Development of a four-phase flow simulator to model hybrid gas/chemical EOR processes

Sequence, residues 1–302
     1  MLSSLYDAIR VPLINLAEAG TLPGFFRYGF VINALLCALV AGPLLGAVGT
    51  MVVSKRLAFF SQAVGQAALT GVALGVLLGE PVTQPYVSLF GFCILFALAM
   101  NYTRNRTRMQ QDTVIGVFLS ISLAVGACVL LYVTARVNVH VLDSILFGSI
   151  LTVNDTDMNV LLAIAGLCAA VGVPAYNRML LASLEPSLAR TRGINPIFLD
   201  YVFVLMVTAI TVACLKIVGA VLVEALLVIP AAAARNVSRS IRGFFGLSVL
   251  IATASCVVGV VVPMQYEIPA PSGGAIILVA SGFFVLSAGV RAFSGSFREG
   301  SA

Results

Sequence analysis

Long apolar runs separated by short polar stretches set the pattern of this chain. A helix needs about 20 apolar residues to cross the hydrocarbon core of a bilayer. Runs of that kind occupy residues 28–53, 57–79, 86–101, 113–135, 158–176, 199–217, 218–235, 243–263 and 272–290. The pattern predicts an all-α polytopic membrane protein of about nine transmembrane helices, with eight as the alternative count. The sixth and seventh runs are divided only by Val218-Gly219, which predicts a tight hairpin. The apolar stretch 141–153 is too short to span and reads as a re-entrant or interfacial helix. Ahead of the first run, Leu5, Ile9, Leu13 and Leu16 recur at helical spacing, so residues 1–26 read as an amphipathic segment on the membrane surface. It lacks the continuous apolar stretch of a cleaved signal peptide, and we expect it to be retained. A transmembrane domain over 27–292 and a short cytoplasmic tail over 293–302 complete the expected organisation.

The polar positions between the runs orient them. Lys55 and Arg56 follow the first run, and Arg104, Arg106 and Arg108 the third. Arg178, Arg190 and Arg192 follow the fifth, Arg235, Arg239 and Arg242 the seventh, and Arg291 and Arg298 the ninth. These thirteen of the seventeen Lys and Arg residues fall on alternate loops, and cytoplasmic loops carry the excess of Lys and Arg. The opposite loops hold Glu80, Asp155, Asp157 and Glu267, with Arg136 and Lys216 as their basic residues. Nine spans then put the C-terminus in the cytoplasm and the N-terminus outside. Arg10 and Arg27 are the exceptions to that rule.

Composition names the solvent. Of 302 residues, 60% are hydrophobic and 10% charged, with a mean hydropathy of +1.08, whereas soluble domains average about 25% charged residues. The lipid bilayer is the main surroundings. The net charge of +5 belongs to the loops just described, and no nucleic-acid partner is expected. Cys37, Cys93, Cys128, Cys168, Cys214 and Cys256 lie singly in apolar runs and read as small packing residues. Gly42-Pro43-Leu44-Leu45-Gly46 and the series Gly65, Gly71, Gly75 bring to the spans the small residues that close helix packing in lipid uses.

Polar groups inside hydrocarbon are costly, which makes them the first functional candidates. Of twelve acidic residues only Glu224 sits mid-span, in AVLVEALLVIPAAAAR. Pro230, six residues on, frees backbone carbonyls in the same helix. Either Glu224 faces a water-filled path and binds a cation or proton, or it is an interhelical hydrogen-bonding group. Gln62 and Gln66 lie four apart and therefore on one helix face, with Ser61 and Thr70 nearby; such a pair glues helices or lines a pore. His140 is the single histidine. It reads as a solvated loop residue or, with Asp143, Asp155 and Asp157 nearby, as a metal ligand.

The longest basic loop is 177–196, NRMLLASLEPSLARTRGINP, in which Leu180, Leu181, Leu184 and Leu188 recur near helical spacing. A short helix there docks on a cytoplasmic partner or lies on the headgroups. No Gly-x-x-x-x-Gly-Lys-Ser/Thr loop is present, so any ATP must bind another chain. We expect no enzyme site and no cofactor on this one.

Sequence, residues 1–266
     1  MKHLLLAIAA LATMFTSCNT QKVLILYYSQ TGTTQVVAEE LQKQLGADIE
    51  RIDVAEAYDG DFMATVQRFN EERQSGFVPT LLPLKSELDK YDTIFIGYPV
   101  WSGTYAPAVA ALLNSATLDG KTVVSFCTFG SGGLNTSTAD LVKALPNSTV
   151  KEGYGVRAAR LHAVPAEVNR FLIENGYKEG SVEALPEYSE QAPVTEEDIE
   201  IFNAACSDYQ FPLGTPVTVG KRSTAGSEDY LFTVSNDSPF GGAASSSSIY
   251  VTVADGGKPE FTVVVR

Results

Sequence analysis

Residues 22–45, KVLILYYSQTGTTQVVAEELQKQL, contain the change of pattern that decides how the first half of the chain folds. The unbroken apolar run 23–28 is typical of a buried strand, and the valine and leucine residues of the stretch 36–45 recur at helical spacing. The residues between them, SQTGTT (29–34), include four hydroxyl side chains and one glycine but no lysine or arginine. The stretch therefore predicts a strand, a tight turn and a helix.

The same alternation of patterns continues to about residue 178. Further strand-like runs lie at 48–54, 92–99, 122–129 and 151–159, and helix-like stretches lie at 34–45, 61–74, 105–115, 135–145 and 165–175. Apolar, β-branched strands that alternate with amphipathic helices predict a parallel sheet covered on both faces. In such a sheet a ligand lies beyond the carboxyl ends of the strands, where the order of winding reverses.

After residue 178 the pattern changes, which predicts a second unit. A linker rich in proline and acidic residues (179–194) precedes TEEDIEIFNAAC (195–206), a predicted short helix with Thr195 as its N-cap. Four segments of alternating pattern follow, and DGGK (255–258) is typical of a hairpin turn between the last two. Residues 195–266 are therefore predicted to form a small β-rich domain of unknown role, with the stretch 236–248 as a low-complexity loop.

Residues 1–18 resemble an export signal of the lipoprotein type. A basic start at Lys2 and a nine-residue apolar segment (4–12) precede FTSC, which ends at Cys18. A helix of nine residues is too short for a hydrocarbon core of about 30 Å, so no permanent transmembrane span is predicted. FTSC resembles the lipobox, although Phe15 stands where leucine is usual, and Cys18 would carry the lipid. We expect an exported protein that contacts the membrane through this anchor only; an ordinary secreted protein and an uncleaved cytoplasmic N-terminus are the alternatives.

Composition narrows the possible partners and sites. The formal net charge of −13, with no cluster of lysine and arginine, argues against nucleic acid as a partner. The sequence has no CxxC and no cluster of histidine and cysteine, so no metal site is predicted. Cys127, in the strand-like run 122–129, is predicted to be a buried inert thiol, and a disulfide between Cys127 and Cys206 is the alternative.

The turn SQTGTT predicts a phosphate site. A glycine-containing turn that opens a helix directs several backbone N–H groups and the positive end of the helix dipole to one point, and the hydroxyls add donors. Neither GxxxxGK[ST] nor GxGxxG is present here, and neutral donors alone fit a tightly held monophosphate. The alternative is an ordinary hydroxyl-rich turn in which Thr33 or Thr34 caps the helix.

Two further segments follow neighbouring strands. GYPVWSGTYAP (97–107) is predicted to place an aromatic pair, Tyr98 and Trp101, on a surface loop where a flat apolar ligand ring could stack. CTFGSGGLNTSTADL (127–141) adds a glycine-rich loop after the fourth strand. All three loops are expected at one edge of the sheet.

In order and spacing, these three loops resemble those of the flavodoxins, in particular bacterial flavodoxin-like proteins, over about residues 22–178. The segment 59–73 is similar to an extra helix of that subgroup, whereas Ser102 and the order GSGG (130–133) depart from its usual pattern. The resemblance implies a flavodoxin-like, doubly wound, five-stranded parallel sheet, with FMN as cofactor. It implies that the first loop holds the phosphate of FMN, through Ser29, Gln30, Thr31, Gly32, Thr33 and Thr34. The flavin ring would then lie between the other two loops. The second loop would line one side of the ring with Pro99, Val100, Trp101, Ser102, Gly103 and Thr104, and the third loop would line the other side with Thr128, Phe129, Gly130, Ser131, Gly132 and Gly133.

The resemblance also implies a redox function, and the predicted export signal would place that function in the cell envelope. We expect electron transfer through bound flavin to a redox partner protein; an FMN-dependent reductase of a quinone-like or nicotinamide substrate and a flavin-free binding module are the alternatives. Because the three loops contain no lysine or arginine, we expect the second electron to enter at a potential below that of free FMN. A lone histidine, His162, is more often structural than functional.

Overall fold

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Hybrid gas/chemical Enhanced Oil Recovery (EOR) methods are such novel techniques to increase oil production and oil recovery efficiency. Gas flooding using carbon dioxide, nitrogen, flue gas, and enriched natural gas produce more oil from the reservoirs by channeling gas into previously by-passed areas. Surfactant flooding can recover trapped oil by reducing the interfacial tension between oil and water phases. Hybrid gas/chemical EOR methods benefit from using both chemical and gas flooding. In hybrid gas/chemical EOR processes, surfactant solution is injected with gas during low-tension-gas or foam flooding. Polymer solution can also be injected alternatively with gas to improve the gas volumetric sweep efficiency. Most fundamentally, wide applications of hybrid gas/chemical processes are limited due to uncertainties in reservoir characterization and heterogeneity, due to the lack of understanding of the process and consequently lack of a predictive reservoir simulator to mechanistically model the process. Without a reliable simulator, built on mechanisms determined in the laboratory, promising field candidates cannot be identified in advance nor can process performance be optimized. In this research, UTCHEM was modified to model four-phase water, oil, microemulsion, and gas phases to simulate and interpret chemical EOR processes including free and/or solution gas. We coupled the black-oil model for water/oil/gas equilibrium with microemulsion phase behavior model through a new approach. Four-phase fluid properties, relative permeability, and capillary pressure were developed and implemented. The mass conservation equation was solved for total volumetric concentration of each component at standard conditions and pressure equation was derived for both saturated and undersaturated PVT conditions. To model foam flow in porous media, comprehensive research was performed comparing capabilities and limitations of implicit texture (IT) and population-balance (PB) foam models. Dimensionless foam bubble density was defined in IT models to derive explicitly the foam-coalescence-rate function in these models. Results showed that each of the IT models examined was equivalent to the LE formulation of a population-balance model with a lamella-destruction function that increased abruptly in the vicinity of the limiting capillary pressure, as in current population-balance models. Foam models were incorporated in UTCHEM to model low-tension-gas and foam flow processes in laboratory and field scales. The modified UTCEM reservoir simulator was used to history match published low-tension-gas and foam coreflood experiments. The simulations were also extended to model and evaluate hybrid gas/chemical EOR methods in field scales. Simulation results indicated a well-designed low-tension-gas flooding has the potential to recover the trapped oil where foam provides mobility control during surfactant and surfactant-alkaline flooding in reservoirs with very low permeability.